Jar Jar Binks Must Die

Oct 8, 07:07 by IROSF
Comment below!
Oct 8, 16:39 by Athena Andreadis
Dan, I agree with you. I disliked Star Wars increasingly after the second film, for reasons I explain in a Strange Horizons article, We Must Love One Another or Die. Brief excerpt:

I'm not bewitched by the endless battle scenes or the lightsaber pas de deux that eventually blur into sameness. I have immovable reservations about a universe geared to eleven-year-old boys and their values, which exclude significant chunks of human experience but include the core belief that girls are icky and if a Jedi gets too close to them his lightsaber won't ignite.


Athena Andreadis

Starship Reckless
To Seek Out New Life
Oct 8, 18:54 by Brian Dolton
Um, I'm not trying to be harsh here, but did this piece fall through some kind of time-warp? It says nothing that wasn't already said (many, many times) after the film first came out. If you are going to put a "ten years later" retrospective on it, then... umm...try and come up with something new? Try and shed some kind of new light on it? Some new context? Anything?
Oct 8, 19:40 by D. Nicklin-Dunbar
Jar Jar Binks must indeed die. Too bad he didn't fumble his way onto a light sabre. Now that would have been entertainment.

The prequel trilogy got ever worse as it progressed. Even someone with only a passing knowledge of the original three films could point out the plot holes and inconsistencies (umm, Obi-Wan does not know that Luke has a twin sister, and yet there he is playing midwife to Padme). It was if George Lucas has never seen Star Wars.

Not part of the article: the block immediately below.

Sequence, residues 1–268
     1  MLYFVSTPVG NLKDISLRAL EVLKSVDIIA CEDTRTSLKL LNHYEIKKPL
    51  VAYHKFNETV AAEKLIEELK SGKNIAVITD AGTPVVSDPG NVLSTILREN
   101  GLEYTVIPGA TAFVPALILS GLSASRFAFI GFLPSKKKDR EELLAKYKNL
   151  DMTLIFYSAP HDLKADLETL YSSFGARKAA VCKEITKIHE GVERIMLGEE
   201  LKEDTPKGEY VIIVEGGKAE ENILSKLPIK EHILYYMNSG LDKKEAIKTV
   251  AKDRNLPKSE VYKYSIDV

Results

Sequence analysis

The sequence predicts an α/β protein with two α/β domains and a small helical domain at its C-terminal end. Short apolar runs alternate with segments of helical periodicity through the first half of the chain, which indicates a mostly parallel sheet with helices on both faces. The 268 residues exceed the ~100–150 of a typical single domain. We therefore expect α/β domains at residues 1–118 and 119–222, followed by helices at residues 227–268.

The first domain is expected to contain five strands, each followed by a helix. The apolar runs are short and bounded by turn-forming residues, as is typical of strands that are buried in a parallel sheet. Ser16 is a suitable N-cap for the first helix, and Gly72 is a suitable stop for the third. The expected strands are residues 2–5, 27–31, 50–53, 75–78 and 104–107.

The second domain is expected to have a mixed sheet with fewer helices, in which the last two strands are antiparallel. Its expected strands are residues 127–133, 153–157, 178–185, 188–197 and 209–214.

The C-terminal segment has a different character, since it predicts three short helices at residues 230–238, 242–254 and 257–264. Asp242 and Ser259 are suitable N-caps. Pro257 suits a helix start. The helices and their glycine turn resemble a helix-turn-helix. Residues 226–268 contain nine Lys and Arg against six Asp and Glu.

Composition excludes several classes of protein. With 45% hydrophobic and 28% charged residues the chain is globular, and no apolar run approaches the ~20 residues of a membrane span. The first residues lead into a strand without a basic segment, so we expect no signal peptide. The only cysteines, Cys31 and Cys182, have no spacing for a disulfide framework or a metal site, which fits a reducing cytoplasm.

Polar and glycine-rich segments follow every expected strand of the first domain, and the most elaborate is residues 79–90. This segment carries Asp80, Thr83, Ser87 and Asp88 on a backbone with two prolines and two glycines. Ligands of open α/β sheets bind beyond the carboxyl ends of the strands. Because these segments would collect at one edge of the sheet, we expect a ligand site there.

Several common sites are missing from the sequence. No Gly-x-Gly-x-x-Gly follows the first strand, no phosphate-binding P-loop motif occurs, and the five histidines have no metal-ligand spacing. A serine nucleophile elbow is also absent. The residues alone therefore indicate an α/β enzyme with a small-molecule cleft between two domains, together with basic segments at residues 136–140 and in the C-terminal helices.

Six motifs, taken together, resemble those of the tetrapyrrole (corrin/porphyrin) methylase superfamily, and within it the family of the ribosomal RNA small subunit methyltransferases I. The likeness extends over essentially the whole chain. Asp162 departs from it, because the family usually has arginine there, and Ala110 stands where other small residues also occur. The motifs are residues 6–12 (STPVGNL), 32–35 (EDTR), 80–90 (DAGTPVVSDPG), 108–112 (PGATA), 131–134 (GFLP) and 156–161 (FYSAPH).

Continuity, George, continuity.
Nov 6, 20:46 by David Gardner
So, can Obi-Wan survive this encounter or is he doomed? Wait a moment. Doesn't he appear in Episode IV played by Alec Guinness?


I agree with this to an extent, Daniel. At the same time, I don't think it paints a complete picture. For example, in Titanic, we pretty much know the outcome from the start, at least in broad strokes. Ultimately, the boat is going to sink, with great and tragic loss of life.

Lucas' problem here (other than his incredible arrogance) is that he fails to entice his audience to become invested in these moments. I'm not a chick flick kind of guy, but I was engrossed by Titanic, and crying when poor, young Leo dies. When Qui-Gon bought it, I thought "That's a shame. He seemed like an OK character."
   

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